3D computer rendering are very CPU intensive and the best way so speed up slow render problems, are usually to distribute them on to more computers. Render farms are usually very large, expensive and run using ALLOT of energy. I wanted to build something that could be put in my home, not make too much noise and run using very little energy... and be dirt cheep, big problem? :) no computer stuff cost almost nothing these days, it just a matter of finding fun stuff to play with.
Apparently somebody somewhere sometime recently called Walter Bender, late of the OLPC, an open source fundamentalist. Walter expressed confusion about what that meant. I wish I could clear it up for him, but I don't know what it means either. We never talk about Open Source in terms of religion or philosophy, morality or ethics. There is simply no place for one to be fundamentalistic about Open Source. If Open Source works for you, great!
I first met Dr. Phatak at the Red Hat Summit in New Orleans in 2005. Dr. Phatak exemplifies what Amartya Sen lovingly calls The Argumentative Indian. Dr. Phatak is passionate, well educated, articulate, and most of all, sincerely committed to raising the standards in India to the highest levels. After spending time with him in Mumbai (aka Bombay), I truly envied those students fortunate enough to have him as a mentor and a teacher.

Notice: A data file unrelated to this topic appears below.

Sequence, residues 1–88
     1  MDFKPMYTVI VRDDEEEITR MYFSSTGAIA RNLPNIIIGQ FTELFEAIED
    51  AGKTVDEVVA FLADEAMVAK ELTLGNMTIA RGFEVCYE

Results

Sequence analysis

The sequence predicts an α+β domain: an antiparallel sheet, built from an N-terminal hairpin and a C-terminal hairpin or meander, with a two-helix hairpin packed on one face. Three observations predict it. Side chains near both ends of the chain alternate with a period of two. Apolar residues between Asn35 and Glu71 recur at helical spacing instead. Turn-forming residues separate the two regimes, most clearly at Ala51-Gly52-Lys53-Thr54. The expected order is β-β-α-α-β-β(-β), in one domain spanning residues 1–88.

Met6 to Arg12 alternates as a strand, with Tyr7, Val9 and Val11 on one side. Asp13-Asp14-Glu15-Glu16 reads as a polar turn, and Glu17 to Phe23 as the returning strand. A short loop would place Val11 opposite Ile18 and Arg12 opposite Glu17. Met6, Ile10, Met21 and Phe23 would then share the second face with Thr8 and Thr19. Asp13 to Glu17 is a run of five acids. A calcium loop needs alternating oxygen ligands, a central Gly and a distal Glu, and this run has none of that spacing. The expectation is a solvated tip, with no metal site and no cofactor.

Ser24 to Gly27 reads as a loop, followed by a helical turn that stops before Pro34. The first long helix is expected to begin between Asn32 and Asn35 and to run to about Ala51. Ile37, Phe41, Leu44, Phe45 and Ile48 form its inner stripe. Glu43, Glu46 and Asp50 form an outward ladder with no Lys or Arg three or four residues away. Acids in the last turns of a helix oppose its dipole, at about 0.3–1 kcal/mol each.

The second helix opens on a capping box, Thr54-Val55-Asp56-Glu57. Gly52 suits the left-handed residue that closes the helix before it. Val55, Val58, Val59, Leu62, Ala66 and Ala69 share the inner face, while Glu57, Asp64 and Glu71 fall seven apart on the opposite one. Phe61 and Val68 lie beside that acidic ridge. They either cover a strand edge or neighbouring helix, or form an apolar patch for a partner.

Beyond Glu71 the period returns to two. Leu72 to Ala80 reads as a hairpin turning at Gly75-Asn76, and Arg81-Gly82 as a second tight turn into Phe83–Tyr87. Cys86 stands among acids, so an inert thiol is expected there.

Last month I was honored to be a keynote speaker at the Conference on Software Engineering Education and Training (CSEE&T) annual meeting. Open Source has become a major topic on campuses, not just the enterprise, and I was delighted to meet with some of the leaders in setting the agenda for software engineering education.
When I was a student in the School of Engineering and Applied Science at the University of Pennsylvania, I did not give to much thought about how the faculty chose to teach Sorting and Searching and not DOS for Idiots or why the core curriculum was constructed in one way and not another. At the time it all seemed like useful and exciting stuff to me, and I learned it all (as best I could).
I recently got myself a Flickr Pro account, and have been using Flickr for more of my photos. I find myself more and more annoyed at the rough edges in the Flickr user interface. For example, when you want to delete a tag from something, you click on the [x] to the right of the tag. Flickr asks you "Do you want to delete the tag?" Cancel/Ok: